Probably we never fully credit the interdependence of wild creatures, and their cognizance of the affairs of their own kind. When the five coyotes that range the Tejon from Pasteria to Tunawai planned a relay race to bring down an antelope strayed from the band, beside myself to watch, an eagle swung down from Mt. Pinos, buzzards materialized out of invisible ether, and hawks came trooping like small boys to a street fight. Rabbits sat up in the chaparral and cocked their ears, feeling themselves quite safe for the once as the hunt swung near them. Nothing happens in the deep wood that the blue jays are not all agog to tell. The hawk follows the badger, the coyote the carrion crow, and from their aerial stations the buzzards watch each other. What would be worth knowing is how much of their neighbor’s affairs the new generations learn for themselves, and how much they are taught of their elders.

So wide is the range of the scavengers that it is never safe to say, eyewitness to the contrary, that there are few or many in such a place. Where the carrion is, there will the buzzards be gathered together, and in three days’ journey you will not sight another one. The way up from Mojave to Red Butte is all desertness, affording no pasture and scarcely a rill of water. In a year of little rain in the south, flocks and herds were driven to the number of thousands along this road to the perennial pastures of the high ranges. It is a long, slow trail, ankle deep in bitter dust that gets up in the slow wind and moves along the backs of the crawling cattle. In the worst of times one in three will pine and fall out by the way. In the defiles of Red Rock, the sheep piled up a stinking lane; it was the sun smiting by day. To these shambles came buzzards, vultures, and coyotes from all the country round, so that on the Tejon, the Ceriso, and the Little Antelope there were not scavengers enough to keep the country clean. All that summer the dead mummified in the open or dropped slowly back to earth in the quagmires of the bitter springs. Meanwhile from Red Rock to Coyote Holes, and from Coyote Holes to Haiwai the scavengers gorged and gorged.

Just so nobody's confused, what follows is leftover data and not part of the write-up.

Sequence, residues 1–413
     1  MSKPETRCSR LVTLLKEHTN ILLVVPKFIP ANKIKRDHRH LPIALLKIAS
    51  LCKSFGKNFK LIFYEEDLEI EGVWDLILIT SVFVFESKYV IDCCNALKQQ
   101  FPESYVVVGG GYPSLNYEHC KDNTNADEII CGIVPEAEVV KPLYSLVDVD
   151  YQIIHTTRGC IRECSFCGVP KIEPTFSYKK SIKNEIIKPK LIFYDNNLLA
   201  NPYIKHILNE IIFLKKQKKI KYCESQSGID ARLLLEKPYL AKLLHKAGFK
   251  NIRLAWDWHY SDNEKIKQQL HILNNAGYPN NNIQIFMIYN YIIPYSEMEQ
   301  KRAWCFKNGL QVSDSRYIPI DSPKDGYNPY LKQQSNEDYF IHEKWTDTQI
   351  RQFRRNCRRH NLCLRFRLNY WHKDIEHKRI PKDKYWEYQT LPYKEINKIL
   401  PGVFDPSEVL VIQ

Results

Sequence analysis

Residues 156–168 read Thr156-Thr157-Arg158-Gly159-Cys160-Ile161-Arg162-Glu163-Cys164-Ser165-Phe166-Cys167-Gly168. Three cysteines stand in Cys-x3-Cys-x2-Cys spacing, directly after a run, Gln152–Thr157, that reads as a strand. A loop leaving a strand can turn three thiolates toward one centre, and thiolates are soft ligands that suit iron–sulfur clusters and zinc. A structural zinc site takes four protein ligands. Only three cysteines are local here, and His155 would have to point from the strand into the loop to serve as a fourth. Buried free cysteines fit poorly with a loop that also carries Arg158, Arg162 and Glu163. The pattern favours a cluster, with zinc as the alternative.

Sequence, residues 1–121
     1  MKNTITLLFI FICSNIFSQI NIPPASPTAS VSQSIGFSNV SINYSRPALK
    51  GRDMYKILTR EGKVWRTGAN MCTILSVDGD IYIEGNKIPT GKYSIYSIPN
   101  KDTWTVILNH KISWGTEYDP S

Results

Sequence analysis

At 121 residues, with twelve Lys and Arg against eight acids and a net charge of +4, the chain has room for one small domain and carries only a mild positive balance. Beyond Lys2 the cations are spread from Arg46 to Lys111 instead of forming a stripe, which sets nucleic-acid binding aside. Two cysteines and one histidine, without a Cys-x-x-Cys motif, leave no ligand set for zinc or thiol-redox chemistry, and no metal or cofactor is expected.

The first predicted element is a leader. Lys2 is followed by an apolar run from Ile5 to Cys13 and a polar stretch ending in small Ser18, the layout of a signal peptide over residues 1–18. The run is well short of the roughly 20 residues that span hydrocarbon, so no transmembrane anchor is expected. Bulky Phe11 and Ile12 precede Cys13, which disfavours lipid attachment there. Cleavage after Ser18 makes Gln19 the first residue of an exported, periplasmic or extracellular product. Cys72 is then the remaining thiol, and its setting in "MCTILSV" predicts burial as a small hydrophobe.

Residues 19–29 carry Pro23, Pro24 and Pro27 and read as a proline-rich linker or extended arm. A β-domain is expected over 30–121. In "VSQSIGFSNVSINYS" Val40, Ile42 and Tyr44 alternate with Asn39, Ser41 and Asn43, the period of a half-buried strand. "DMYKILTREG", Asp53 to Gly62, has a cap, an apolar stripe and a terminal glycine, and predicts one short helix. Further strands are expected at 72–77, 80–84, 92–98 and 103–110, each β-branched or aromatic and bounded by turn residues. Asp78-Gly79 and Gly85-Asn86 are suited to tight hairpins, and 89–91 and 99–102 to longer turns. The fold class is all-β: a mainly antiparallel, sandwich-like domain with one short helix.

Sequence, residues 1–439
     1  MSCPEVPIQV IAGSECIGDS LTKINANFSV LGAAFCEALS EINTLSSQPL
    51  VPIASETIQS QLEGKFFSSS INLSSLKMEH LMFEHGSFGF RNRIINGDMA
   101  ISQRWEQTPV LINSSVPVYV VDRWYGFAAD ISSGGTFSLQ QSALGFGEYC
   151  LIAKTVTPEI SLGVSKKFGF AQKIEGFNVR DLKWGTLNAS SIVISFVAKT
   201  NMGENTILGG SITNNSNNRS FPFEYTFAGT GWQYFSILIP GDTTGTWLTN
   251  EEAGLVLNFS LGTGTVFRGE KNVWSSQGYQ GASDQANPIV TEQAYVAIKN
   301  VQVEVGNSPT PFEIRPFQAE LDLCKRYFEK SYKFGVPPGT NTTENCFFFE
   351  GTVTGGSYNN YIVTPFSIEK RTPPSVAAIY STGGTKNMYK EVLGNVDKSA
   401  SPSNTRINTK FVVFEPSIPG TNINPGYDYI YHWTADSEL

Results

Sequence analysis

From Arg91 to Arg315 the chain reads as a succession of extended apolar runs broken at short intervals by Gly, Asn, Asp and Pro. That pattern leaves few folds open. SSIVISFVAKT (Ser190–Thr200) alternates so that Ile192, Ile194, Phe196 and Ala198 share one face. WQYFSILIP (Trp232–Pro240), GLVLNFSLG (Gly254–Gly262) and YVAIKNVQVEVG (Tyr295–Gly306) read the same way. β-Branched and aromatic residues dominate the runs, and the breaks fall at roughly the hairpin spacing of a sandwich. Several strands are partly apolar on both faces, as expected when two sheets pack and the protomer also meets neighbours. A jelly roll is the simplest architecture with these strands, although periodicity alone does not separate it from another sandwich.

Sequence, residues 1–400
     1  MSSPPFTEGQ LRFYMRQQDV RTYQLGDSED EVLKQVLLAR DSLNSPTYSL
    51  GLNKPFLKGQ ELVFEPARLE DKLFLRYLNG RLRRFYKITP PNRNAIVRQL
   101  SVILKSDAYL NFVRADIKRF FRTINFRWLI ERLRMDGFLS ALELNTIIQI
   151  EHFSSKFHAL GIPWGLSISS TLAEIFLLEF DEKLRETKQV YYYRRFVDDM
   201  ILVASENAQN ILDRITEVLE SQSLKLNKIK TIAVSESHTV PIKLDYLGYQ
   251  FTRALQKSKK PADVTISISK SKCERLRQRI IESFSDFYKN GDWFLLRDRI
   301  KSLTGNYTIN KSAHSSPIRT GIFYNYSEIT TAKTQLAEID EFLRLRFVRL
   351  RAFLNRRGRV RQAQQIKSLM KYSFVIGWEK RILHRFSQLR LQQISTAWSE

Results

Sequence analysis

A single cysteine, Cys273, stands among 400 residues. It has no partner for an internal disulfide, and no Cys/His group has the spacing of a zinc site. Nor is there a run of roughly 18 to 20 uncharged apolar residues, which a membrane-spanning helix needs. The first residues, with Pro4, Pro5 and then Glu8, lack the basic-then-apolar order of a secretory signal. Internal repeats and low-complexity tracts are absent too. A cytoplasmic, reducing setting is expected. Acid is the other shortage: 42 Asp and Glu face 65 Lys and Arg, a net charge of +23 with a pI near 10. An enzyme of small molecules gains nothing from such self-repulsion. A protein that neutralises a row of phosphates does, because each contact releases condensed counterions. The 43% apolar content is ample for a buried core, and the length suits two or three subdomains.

The coyote is not a scavenger by choice, preferring his own kill, but being on the whole a lazy dog, is apt to fall into carrion eating because it is easier. The red fox and bobcat, a little pressed by hunger, will eat of any other animal’s kill, but will not ordinarily touch what dies of itself, and are exceedingly shy of food that has been man-handled.

Very clean and handsome, quite belying his relationship in appearance, is Clark’s crow, that scavenger and plunderer of mountain camps. It is permissible to call him by his common name, “Camp Robber:” he has earned it. Not content with refuse, he pecks open meal sacks, filches whole potatoes, is a gormand for bacon, drills holes in packing cases, and is daunted by nothing short of tin. All the while he does not neglect to vituperate the chipmunks and sparrows that whisk off crumbs of comfort from under the camper’s feet. The Camp Robber’s gray coat, black and white barred wings, and slender bill, with certain tricks of perching, accuse him of attempts to pass himself off among woodpeckers; but his behavior is all crow. He frequents the higher pine belts, and has a noisy strident call like a jay’s, and how clean he and the frisk-tailed chipmunks keep the camp! No crumb or paring or bit of eggshell goes amiss.